NEW YORK, May 21 (Reuters) – The U.S. mortgage industry may have to grapple with a “zombie” version of the London interbank offered rate even after the rate benchmark is expected to be phased out after 2021, industry officials said on Tuesday.
LIBOR is a rate reference for $200 trillion of U.S. financial products, mainly in interest rate derivatives. There are some $1 trillion worth of adjustable-rate home loans which are reset against it.
“It feels Y2K-ish,” said Timothy Kitt, senior vice president of single family pricing and execution at Freddie Mac, referring to the Year 2000 computer flaw. “People are starting to feel the burn.”
The Alternative Reference Rates Committee (ARRC), a financial industry group backed by the Federal Reserve and other government agencies, has put forth guidelines for participants to adopt the use of another reference rate in a bid to move away from LIBOR.
ARRC has encouraged a transition to the Secured Overnight Financing Rate (SOFR) from LIBOR, but the acceptance of SOFR among banks, corporate borrowers and asset managers has been slow.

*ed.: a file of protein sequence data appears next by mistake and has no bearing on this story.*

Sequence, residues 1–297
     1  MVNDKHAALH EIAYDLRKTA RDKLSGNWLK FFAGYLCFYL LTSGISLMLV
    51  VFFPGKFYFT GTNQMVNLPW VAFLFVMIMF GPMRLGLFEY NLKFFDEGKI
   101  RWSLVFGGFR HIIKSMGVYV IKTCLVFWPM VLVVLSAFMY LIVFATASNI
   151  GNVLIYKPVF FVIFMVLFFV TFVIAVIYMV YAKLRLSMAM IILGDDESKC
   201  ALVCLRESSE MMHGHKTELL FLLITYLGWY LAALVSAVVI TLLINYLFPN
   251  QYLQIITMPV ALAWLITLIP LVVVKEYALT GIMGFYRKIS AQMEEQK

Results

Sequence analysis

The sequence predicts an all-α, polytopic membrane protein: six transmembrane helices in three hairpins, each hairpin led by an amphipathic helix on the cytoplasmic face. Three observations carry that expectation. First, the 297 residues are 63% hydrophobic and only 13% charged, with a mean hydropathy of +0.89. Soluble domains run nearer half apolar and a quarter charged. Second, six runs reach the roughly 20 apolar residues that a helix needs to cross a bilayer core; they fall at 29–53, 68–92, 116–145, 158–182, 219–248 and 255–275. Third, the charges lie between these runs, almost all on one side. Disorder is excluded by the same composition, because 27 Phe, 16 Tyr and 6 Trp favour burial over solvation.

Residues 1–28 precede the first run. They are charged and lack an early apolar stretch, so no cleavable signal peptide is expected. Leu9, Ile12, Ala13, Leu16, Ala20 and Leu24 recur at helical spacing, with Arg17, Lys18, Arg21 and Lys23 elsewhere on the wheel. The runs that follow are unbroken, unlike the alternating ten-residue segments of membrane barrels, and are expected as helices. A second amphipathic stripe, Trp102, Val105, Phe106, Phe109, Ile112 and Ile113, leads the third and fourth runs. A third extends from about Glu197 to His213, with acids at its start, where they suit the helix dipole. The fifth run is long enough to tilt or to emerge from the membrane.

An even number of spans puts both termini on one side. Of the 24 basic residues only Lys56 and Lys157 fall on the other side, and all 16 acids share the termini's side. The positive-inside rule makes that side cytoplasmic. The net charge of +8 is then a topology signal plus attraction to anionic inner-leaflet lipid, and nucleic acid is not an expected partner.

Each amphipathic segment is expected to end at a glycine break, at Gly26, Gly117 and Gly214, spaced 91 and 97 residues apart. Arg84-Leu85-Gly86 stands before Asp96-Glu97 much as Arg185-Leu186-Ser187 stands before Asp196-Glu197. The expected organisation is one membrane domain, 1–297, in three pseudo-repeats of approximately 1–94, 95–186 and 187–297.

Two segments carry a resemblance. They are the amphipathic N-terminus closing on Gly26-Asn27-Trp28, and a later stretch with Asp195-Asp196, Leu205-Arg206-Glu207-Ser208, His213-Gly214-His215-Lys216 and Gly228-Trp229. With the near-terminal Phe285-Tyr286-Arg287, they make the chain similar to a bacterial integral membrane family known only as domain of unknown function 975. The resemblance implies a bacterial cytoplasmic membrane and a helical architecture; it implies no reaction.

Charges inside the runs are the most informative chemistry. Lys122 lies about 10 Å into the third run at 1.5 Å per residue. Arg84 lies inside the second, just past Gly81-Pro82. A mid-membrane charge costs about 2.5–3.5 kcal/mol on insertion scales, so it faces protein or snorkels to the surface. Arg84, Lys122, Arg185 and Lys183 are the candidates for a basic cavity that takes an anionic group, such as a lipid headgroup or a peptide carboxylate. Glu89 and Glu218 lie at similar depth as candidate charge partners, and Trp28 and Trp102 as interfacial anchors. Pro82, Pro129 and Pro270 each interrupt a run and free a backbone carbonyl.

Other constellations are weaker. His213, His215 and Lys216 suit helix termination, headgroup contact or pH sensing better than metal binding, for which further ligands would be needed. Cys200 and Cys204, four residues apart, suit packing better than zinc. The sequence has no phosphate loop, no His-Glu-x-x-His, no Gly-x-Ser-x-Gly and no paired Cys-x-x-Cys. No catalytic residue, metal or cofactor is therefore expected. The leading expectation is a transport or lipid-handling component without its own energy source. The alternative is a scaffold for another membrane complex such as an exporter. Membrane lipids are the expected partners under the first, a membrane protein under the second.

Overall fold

Smaller banks are one to two years behind large financial institutions in their transition away from LIBOR, said Trent Reasons, associate director at Boston Consulting.
Reasons and Kitt were part of a panel at the Mortgage Bankers Association’s National Secondary Market conference in New York.
Some of the market reluctance to adopt SOFR is that it is an overnight risk-free rate in contrast with LIBOR which gauges borrowing costs between banks.
Another factor that has hindered SOFR’s acceptance is the lack of a term market right now, in which participants could reference loans and other products as far out as 30 years, analysts said.
Another issue that mortgage executives raised on Tuesday was what reference rate they would use for outstanding LIBOR-based loans after 2021.
ARRC has begun issuing recommendations on the contingency or “fallback” language about using a comparable index instead of LIBOR for existing products after 2021.
Another panelist Renee Schultz, Fannie Mae’s senior vice president of capital markets, voiced concerns about managing legacy LIBOR-based loans and products after 2021 especially if a comparable index does not exist by then.
If this were to happen, a “zombie” LIBOR may exist to support these legacy products even though it may no longer be an accurate measure of borrowing costs, according to Schultz and Kitt. (Reporting by Richard Leong Editing by Susan Thomas)